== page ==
House passes two bills affecting those in military

The House passed two bills that would affect the Transportation Security Administration’s hiring of military personnel and ­child-custody rights for service members during deployment.

The House approved by voice vote a bill that would have the TSA comply with the Uniformed Services Employment and Reemployment Rights Act, a 1994 law that requires employers to hold jobs for employees, such as reservists, called to active duty.

“We have USERRA protections in place for a reason, and this bill simply ensures that the thousands of veterans, reservists and members of the National Guard working for TSA are protected as they would be in any other position,” said Rep. Tim Walz (D-Minn.), the author of the bill.

TSA was exempted from the uniformed services act in the haste to fill tens of thousands of new positions when the agency was created after the Sept. 11, 2001, terrorist attacks. With war in Afghanistan imminent at the time, legislators were worried too many people would be hired who would then be deployed to combat zones, said Raymond Kelley, legislative director for the Veterans of Foreign Wars, which has lobbied for the legislation. While the provision made sense then, Kelley said, its time has passed.

“It’s also positive for TSA because the people who would be most responsible for protecting airports are those who served in uniform,” he said.

TSA says it complies with the law, but Walz said the requirement will keep future administrations from backtracking on the commitment.

The House passed a bill 390 to 2 that would prohibit family-law courts from using military deployments as a factor in determining child-custody rights. The bill was proposed by Rep. Michael R. Turner (R-Ohio). To qualify for the legal protection, individuals would have to be subject to military orders that prohibit family members from accompanying them on assignments from 60 days to 18 months in length.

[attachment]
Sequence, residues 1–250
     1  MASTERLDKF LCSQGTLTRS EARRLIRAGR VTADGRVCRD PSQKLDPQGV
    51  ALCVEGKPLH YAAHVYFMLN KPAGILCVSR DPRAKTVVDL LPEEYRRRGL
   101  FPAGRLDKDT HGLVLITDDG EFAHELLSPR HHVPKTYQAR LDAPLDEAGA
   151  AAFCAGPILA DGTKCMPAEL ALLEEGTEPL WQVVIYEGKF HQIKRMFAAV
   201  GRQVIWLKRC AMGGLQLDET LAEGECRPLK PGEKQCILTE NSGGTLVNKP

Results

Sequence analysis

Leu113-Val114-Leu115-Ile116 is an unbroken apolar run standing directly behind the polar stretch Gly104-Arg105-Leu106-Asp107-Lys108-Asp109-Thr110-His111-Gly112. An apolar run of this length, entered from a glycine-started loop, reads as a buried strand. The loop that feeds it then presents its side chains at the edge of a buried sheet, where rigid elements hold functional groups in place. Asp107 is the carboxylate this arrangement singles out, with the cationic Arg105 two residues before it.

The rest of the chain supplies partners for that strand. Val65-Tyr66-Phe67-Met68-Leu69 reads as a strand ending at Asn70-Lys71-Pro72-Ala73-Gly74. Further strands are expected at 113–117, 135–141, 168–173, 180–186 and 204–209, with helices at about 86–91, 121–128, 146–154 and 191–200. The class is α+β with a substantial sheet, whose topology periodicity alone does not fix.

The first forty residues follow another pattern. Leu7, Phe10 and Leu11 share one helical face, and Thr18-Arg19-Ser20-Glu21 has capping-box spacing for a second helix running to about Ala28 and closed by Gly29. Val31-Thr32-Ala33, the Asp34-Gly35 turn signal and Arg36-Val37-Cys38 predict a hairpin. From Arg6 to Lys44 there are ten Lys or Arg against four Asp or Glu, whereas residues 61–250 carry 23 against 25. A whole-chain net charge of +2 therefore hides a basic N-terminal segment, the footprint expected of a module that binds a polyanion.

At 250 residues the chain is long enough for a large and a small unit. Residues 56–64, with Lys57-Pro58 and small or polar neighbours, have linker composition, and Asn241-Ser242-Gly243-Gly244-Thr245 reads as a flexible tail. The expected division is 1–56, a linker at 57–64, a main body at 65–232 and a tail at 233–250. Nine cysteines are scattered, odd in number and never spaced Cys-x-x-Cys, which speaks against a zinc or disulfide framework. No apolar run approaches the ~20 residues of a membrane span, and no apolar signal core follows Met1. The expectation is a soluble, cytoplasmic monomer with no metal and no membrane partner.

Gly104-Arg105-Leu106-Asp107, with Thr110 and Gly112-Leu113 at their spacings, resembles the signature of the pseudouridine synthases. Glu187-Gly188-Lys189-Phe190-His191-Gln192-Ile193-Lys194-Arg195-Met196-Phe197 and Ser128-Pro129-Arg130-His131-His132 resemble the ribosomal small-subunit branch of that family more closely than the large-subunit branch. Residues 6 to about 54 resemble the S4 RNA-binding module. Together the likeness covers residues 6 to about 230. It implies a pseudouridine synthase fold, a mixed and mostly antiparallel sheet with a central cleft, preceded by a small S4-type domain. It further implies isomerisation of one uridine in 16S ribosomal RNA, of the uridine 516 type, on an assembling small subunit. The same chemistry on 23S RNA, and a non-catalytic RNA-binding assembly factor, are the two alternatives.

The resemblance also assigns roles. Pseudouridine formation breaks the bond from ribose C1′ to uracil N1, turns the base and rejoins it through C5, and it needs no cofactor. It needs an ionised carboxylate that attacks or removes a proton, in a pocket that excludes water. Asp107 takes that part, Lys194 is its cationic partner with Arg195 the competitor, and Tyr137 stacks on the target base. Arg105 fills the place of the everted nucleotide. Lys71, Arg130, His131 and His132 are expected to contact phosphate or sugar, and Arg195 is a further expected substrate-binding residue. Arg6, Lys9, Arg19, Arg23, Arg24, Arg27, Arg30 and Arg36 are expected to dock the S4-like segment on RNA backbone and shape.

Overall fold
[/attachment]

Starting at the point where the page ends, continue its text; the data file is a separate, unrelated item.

Turner, in remarks on the floor Wednesday, said family-law courts often cite deployments as reasons not to grant custody of a child. “We should not have one arm of the government ordering our service members to deploy and another arm of our government taking their children away from them based upon the fact that they were away serving their country,” he said.

Lawmakers said inconsistencies in the current provisions allow courts to use deployment as a factor in determining custody.

“The sovereignty of parenthood should not be forfeited by taking the oath of office to serve one’s country in uniform . . . This is morally clear, it is legally correct,” said Rep. Robert E. Andrews (D-N.J.), one of 72 co-sponsors.

The TSA bill advances to the Senate, where similar legislation, sponsored by Sen. Joseph I. Lieberman (I-Conn.), is being considered by the Commerce, Science and Transportation Committee. The child-custody bill also advances to the Senate. The House has passed similar language seven times before, but it has failed to pass the Senate each time.



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